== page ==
Finlandia Prize for Fiction 2011
1 December 2011 | In the news
The winner of the Finlandia Prize for Fiction 2011, worth €30,000, is Rosa Liksom, for her novel Hytti no 6 (‘Compartment number 6’, WSOY): read translated extracts and an introduction of the author here on this page.
The prize was awarded on 1 December. The winner was selected by the theatre manager Pekka Milonoff from a shortlist of six.
‘Hytti nro 6 is an extraordinarily compact, poetic and multilayered description of a train journey through Russia. The main character, a girl, leaves Moscow for Siberia, sharing a compartment with a vodka-swilling murderer who tells hair-raising stories about his own life and about the ways of his country. – Liksom is a master of controlled exaggeration. With a couple of carefully chosen brushstrokes, a mini-story, she is able to conjure up an entire human destiny,’ Milonoff commented.
Author and artist Rosa Liksom (alias Anni Ylävaara, born 1958), has since 1985 written novels, short stories, children’s book, comics and plays. Her books have been translated into 16 languages.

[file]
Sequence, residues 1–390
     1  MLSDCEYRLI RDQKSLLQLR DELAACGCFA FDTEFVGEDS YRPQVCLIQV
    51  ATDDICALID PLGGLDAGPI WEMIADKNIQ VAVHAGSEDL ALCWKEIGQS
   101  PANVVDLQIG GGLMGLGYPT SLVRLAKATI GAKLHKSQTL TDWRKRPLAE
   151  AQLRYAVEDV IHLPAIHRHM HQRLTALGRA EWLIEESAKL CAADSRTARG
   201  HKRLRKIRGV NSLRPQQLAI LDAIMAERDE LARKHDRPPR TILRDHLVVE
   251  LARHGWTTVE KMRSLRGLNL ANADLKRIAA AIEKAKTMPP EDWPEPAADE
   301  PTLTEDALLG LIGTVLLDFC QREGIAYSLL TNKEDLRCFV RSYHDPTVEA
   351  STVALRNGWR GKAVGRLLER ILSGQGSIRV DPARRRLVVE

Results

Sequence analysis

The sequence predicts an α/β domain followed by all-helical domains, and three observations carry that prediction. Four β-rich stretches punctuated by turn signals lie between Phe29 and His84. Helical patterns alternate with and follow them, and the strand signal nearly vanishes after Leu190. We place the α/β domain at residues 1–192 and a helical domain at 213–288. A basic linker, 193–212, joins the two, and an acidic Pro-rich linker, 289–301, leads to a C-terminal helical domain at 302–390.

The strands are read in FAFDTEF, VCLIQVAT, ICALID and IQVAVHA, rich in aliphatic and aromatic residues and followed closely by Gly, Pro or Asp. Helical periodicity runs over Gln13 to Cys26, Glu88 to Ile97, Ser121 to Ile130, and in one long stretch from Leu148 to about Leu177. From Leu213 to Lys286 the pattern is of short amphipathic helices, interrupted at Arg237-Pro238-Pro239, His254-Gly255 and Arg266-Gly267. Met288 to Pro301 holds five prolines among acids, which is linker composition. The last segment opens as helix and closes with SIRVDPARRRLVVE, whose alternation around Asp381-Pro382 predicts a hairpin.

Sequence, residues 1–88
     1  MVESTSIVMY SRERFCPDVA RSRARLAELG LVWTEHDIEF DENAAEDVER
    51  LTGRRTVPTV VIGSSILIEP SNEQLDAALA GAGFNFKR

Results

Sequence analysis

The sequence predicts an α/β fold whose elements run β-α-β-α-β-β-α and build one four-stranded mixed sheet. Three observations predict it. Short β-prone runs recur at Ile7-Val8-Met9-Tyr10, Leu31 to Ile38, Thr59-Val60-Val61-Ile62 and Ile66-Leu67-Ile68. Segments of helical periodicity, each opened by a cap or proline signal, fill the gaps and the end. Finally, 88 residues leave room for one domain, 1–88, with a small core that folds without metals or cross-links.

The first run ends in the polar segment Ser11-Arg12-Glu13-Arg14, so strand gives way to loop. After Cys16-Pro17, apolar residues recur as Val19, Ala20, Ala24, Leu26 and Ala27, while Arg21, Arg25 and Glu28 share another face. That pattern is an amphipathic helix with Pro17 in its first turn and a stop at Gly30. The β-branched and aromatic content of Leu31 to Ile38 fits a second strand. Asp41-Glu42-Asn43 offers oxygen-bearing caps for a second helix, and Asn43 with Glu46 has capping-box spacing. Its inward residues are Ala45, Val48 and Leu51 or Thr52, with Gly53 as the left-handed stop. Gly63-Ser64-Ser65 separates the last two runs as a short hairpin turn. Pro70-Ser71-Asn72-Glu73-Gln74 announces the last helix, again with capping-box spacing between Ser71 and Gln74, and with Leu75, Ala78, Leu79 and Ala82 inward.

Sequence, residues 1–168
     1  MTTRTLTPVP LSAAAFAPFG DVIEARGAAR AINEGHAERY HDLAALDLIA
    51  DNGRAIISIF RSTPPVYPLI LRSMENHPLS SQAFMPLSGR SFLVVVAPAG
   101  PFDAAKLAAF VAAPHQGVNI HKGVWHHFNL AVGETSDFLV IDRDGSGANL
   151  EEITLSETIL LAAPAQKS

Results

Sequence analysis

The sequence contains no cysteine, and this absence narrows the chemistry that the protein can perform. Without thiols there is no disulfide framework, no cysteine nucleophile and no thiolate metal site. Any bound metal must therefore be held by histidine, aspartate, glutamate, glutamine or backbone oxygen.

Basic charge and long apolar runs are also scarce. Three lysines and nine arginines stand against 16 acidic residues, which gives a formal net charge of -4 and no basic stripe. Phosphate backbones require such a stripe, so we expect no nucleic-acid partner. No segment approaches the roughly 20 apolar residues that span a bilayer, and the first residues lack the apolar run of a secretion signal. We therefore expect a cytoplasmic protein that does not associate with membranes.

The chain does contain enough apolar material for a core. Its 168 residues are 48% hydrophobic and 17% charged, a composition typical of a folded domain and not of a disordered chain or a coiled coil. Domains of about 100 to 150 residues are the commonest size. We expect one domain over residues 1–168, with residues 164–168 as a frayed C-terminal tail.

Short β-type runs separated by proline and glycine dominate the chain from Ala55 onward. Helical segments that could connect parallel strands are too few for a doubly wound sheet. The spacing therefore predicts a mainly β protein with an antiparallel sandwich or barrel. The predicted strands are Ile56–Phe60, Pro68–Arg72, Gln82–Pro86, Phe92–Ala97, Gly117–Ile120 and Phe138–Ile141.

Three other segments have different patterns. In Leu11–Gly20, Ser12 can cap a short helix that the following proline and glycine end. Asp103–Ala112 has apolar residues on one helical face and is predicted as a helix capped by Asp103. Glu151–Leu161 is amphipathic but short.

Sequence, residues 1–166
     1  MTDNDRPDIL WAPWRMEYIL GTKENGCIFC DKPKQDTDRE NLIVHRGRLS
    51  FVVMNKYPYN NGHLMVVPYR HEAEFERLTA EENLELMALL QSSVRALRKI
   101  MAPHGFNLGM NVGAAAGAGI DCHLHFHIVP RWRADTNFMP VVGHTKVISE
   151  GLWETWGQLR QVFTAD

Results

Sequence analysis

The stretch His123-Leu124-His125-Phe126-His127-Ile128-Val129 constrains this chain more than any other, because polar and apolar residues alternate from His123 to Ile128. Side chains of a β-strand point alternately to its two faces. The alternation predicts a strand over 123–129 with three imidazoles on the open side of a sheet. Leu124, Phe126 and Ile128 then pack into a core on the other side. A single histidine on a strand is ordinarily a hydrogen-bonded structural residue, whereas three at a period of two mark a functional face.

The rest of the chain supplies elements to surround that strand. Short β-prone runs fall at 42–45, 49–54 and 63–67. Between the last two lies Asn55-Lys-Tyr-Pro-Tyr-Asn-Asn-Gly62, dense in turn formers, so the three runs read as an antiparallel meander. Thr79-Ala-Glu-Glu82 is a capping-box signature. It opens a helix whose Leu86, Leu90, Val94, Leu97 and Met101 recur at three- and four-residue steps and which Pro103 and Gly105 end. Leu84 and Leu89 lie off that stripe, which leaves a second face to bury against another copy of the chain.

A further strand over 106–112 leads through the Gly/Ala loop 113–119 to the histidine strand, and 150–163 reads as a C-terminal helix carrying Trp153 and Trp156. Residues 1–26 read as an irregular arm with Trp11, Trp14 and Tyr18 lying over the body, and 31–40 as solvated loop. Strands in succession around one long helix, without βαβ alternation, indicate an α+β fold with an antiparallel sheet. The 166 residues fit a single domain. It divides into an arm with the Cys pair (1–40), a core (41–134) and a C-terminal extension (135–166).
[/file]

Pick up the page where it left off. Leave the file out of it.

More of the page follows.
Appointed by the Finnish Book Foundation, the prize jury (journalist and critic Hannu Marttila, journalist Tuula Ketonen and translator Kristiina Rikman) shortlisted the following novels: Kallorumpu (‘Skull drum’, Teos) by Eeva-Kaarina Aronen, William N. Päiväkirja (‘William N. Diary’, Otava) by Kristina Carlson, Huorasatu (‘Whore tale’, Into) by Laura Gustafsson, Minä, Katariina (‘I, Catherine’, Otava) by Laila Hirvisaari, and Isänmaan tähden (‘For fatherland’s sake’, first novel; Teos) by Jenni Linturi.
Rosa Liksom travelled a great deal in the Soviet Union in the 1980s. She said she hopes that literature, too, could play a role in promoting co-operation between people, cultures and nations: ‘For the time being there is no chance of some of us being able to live on a different planet.’